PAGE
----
Warfare 1945 signed and dated 'Raokin / 45' lower right oil on board 60.7 x 79.0cm (23 7/8 x 31 1/8in).
PROVENANCE The collection of the artist Macquarie Galleries, Sydney Souter Collection Australian & International Fine Art, Christie's, Melbourne, 22 August 2000, lot 82 The Reg Grundy AC OBE and Joy Chambers-Grundy Collection, acquired in 2000
EXHIBITED Sulman Prize 1945, Art Gallery of New South Wales, Sydney, 19 January - 19 February 1946, cat. no. 17, titled Mural Design "Warfare" H.F. Weaver Hawkins Exhibition, Macquarie Galleries, Sydney, 17-29 March, 1976, cat. no. 10, titled Detail for Mural Painting "Warfare" H.F. Weaver Hawkins retrospective, Newcastle Region Art Gallery, Newcastle, 29 October - 11 December 1994 Weaver Hawkins 1893-1977, S.H. Ervin Gallery, Sydney, 1 June - 16 July 1995, cat. no. 25
LITERATURE "Art correspondent", 'Archibald, Wynne and Sulman Prizes: spotlight on Australian art', Pix, 2 March 1946, pp. 10-13, p. 11 (illus.) Bernard Smith, 'Art chronicle', Meanjin Papers, vol. 5, no. 1, Autumn 1946, pp. 48-9 Eileen Chanin, 'To Draw, Paint and Write a Little', Hemisphere, vol. 21, no. 3, March 1977, pp. 2-7, p. 6 (illus.) Eileen Chanin and Steven Miller, The Art and Life of Weaver Hawkins, Craftsman House, Sydney, 1995, pp.61, 134 (illus.), 223
A reviewer once wrote that Weaver Hawkins 'has talent, but is burdened by a cumbersome reasoning mind.'1 To an artist who had lived through two world wars, barely surviving the first, a reasoning mind was hardly a burden. Had more people used theirs, it seemed to him, much suffering could have been prevented. The experience of war not only changed the way Weaver Hawkins worked as an artist, it transformed his entire understanding of art. In an unpublished essay on the 'Impact of war on art in Australia', written around the same time that he painted Warfare, he argued that artists could no longer continue to churn out paintings as luxury commodities or tokens of prestige in the wake of two world wars, for art's 'artificial and objectionable exclusiveness' had been challenged. 2 Art was now required to play its role in making sense of what had happened and in ensuring that it would not be repeated. So in works like Warfare, Weaver Hawkins applied all his critical and reasoning powers to his art, realising that he was working at a time when taste in painting, particularly in Sydney, had turned to the decorative. He wrote to his brother Ernest in 1946 'it is a romantic, low-tone type of glaze painting which is the vogue and fashion at the moment here. So my "intellectual" high-tone things have little chance of selling'. Still he hoped that they would 'have a little cultural influence.'3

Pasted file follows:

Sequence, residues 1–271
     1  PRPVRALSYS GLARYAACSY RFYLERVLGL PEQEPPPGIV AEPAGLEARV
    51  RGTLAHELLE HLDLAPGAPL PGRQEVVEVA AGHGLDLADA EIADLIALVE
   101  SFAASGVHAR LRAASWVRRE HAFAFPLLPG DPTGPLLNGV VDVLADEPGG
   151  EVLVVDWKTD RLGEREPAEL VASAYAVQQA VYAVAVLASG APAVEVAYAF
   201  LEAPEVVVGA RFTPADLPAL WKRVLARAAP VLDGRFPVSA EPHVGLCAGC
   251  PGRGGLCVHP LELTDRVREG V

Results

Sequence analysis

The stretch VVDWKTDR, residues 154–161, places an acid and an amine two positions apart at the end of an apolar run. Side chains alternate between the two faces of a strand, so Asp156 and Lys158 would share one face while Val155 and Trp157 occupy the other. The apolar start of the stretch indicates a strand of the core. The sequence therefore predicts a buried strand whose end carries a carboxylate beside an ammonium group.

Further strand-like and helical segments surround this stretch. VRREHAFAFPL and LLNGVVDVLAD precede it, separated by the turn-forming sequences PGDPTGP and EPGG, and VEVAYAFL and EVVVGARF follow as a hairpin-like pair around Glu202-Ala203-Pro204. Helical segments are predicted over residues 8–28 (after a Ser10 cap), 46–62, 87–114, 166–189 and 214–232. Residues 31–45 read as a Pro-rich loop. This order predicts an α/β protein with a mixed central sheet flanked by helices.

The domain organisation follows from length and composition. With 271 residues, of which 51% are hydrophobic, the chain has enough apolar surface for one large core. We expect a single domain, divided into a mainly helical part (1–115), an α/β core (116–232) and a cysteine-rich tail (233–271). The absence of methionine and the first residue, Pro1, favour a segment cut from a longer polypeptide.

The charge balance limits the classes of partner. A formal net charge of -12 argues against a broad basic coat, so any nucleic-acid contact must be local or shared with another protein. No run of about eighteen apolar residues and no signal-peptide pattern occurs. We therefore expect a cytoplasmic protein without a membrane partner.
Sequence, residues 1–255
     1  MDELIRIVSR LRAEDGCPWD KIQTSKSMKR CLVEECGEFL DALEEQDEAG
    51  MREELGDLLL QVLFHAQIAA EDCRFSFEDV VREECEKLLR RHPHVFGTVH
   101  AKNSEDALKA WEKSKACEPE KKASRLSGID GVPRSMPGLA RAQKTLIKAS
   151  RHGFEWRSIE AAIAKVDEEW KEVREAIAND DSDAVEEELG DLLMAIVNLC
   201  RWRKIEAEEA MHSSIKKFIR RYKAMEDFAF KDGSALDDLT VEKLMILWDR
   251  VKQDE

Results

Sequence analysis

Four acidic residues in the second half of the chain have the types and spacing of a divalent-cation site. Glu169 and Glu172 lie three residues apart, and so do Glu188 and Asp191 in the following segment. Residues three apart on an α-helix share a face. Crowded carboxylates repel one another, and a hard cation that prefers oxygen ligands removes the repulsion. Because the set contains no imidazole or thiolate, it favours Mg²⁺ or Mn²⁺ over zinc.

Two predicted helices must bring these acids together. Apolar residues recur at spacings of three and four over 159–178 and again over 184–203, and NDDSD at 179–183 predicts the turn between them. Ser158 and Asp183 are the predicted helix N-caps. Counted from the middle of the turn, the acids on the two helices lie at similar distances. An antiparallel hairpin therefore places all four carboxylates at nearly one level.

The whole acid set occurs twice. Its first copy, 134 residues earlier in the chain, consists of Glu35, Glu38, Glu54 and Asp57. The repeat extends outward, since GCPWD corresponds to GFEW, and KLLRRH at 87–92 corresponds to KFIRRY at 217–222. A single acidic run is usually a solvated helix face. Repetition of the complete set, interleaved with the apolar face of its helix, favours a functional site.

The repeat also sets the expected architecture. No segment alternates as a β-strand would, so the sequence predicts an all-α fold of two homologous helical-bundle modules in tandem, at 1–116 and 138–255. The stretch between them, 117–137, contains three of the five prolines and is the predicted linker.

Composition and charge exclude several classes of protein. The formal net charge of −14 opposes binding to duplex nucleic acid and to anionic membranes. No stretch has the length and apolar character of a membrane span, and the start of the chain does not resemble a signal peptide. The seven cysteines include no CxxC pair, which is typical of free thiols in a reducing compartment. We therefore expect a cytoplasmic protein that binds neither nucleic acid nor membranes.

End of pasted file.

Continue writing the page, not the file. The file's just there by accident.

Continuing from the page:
They did have influence, prompting debate on a whole range of topical issues. The lifestyle magazine Pix attempted to decipher Warfare for its readers, describing the work as an 'interesting and vigorous design', where 'Big Business, the Church and the Press are symbolised as being at the root of humanity's troubles.'4 Big business, government or a group of faceless bureaucrats plot away at the top of the painting. The Church is represented by a clergyman who carries his God, like his Bible, in his back pocket. He seems to be launching a young man on his path. Is the harrowing, emaciated figure on the left the same young man a few years on? All around him play out the consequences of warfare. Some respond by carpe diem, and living for the moment, some profiteer, others, like the couple in the centre who have just received a letter from the War Office, suffer the personal loss which every conflict brings. The figures in the top right hand corner of the painting were later used by the artist to symbolise primal violence, in a watercolour of Cain and Abel.